• It was not surprising to see Brand #3 win with the Prospect audience, as the Mission’s ZIP universe extends across four counties and the Brand #3 lends itself to a broader more inclusive prospecting footprint.


*Note: This exercise was conducted before any potential brands were revealed to reduce bias.

 

  Stepping forward with confidence 

 

The results? This study provided the Mission with clear and actionable data as to the feasibility and possible success of a rebrand. It clearly defined which name from their short-list resonated most strongly in their community.

Note: The new brand is not live in the market as of the publishing of this paper. Thus, the name of the mission has not been mentioned.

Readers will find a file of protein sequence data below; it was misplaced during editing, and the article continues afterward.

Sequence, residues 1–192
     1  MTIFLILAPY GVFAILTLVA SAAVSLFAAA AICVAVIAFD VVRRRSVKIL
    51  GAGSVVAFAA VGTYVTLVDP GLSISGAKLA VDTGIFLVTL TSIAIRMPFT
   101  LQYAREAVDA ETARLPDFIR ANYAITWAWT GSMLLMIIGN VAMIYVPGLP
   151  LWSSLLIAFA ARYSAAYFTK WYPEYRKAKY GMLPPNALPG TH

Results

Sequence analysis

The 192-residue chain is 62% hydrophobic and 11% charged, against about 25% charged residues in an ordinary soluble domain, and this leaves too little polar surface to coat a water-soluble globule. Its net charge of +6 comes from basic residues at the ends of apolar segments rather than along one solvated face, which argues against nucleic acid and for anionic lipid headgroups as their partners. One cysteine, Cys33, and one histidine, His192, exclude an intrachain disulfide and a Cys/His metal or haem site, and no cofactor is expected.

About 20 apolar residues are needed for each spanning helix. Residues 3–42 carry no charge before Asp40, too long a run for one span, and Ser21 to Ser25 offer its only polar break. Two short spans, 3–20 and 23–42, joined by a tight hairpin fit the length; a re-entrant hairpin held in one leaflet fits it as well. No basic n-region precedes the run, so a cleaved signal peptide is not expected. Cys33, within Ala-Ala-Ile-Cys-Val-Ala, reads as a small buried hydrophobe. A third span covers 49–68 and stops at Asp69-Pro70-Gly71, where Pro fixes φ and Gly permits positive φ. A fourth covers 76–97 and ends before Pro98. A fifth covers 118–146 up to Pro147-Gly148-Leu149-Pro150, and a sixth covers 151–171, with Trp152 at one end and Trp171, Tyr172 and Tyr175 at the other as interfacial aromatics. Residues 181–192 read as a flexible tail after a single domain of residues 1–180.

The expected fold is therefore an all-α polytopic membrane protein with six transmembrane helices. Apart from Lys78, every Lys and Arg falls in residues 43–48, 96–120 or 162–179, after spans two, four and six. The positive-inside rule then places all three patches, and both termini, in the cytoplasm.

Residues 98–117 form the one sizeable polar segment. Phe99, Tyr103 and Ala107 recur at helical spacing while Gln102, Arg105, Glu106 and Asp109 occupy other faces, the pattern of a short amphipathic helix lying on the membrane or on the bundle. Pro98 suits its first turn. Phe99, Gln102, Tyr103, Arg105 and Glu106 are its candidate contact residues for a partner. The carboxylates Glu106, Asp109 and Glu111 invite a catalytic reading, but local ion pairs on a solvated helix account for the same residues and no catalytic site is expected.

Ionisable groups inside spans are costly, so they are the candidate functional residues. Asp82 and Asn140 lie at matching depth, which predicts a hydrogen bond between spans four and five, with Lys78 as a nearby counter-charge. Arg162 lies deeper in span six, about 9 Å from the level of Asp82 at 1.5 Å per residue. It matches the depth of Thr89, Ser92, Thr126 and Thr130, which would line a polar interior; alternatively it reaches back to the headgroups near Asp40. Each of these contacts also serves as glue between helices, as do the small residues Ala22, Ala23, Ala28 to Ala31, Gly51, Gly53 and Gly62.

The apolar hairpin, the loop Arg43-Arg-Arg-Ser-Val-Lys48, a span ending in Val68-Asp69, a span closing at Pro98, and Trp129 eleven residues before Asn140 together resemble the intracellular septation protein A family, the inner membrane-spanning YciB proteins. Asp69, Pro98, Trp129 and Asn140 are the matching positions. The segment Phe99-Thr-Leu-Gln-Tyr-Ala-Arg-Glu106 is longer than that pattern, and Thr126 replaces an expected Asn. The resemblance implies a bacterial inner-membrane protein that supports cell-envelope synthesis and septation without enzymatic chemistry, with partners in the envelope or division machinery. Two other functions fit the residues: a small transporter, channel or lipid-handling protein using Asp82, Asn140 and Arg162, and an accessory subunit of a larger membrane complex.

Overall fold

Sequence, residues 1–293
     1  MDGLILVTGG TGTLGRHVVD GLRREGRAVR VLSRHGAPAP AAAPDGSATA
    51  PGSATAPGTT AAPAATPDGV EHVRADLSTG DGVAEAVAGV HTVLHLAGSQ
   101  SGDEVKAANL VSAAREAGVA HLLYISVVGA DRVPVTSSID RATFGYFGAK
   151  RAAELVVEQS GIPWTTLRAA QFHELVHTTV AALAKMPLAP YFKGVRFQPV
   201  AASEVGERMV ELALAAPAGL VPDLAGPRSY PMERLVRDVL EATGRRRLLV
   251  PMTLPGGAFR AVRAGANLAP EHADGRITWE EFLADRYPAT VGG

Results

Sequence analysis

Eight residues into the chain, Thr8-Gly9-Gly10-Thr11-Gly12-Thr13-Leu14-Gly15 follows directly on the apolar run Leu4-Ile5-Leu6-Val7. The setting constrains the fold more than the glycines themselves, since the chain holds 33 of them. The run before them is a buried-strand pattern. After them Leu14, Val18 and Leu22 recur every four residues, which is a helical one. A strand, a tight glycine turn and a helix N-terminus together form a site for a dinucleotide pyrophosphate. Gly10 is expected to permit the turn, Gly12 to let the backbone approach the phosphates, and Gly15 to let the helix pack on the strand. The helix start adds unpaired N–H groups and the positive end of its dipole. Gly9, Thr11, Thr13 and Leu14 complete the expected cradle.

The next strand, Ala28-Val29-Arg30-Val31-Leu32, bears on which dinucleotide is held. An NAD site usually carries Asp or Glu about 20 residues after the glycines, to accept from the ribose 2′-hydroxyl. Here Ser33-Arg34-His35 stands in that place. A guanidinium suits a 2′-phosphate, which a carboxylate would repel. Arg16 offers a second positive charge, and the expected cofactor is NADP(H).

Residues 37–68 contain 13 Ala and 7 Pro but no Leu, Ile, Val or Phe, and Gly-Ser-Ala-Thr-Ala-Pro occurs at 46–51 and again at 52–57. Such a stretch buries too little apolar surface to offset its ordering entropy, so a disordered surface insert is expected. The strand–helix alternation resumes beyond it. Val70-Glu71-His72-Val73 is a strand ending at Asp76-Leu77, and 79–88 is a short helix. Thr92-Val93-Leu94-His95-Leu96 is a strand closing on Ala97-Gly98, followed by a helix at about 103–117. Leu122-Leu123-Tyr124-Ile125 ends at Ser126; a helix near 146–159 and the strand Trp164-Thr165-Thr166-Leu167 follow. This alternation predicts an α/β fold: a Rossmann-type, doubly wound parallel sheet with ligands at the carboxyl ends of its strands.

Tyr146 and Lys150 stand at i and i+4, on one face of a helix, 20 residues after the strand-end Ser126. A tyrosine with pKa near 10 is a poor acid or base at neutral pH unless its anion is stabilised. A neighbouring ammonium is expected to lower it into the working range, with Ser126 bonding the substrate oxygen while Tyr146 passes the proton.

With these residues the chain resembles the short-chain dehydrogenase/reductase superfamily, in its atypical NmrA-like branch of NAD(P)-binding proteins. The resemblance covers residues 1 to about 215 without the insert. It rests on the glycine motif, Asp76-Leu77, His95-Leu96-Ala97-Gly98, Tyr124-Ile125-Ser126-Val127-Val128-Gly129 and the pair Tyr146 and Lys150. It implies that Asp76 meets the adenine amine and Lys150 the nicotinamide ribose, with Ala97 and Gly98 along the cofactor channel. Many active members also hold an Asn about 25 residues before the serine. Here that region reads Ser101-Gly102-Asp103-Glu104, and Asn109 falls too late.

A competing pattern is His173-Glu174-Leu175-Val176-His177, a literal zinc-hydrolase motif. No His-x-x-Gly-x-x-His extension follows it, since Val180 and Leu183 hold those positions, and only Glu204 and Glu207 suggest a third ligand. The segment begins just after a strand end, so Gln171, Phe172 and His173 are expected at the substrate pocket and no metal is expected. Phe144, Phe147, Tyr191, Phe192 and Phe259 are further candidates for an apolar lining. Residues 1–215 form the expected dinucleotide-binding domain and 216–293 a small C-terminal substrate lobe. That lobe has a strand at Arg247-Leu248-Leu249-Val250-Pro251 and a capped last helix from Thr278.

Now, we can focus on next steps to begin their rebranding efforts.

 

 

  Your brand is your promise. 

 

Your brand should clearly and consistently communicate who you are as an organization – your vision, your direction, your purpose. Here are some questions to ask yourself:

  • Has the vision or the mission of your organization changed over the years?
  • Have your service area or the services you offer expanded?
  • Has something about your community changed?
  • Has your audience changed or are you looking to expand into new audiences?
  • Are you about to do something extraordinarily new?
  • Have you encountered media difficulties as an organization that you cannot shake off?
  • Is your audience experiencing any brand confusion?
  • Does your name reflect who you are?
  • Have you outgrown your brand?

 

Rebranding is a challenging process. Let BDI help you secure the actionable intelligence you need before you embark on that journey. Let’s do this together!